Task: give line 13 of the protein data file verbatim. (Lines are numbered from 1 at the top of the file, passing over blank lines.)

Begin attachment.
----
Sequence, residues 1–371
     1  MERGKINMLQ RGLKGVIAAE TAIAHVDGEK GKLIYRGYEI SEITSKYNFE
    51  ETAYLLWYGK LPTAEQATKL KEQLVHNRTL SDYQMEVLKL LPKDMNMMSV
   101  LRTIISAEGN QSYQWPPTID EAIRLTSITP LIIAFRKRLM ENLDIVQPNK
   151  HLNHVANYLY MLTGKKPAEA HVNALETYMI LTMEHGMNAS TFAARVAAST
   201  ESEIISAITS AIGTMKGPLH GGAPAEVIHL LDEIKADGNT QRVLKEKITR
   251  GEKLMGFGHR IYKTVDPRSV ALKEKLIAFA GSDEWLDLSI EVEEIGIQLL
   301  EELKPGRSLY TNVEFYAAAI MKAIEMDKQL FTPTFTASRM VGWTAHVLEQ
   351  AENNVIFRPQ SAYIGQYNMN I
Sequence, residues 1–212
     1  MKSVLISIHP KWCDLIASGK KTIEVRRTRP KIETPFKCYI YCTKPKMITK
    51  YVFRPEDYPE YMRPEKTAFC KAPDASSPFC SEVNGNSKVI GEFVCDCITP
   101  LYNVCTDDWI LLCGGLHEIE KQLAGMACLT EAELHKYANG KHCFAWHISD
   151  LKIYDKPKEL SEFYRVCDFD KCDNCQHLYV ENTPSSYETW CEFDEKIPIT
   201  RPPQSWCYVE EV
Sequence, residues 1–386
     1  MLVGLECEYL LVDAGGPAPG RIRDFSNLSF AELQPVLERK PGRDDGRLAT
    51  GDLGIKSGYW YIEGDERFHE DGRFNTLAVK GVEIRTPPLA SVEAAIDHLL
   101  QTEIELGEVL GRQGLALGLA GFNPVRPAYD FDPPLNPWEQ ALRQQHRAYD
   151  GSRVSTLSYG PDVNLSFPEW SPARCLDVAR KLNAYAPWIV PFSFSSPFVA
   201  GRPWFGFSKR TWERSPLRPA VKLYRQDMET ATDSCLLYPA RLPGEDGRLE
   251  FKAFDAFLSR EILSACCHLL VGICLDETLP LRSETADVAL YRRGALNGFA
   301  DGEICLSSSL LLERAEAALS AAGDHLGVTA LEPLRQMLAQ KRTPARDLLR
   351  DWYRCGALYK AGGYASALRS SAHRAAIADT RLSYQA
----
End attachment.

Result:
   101  LYNVCTDDWI LLCGGLHEIE KQLAGMACLT EAELHKYANG KHCFAWHISD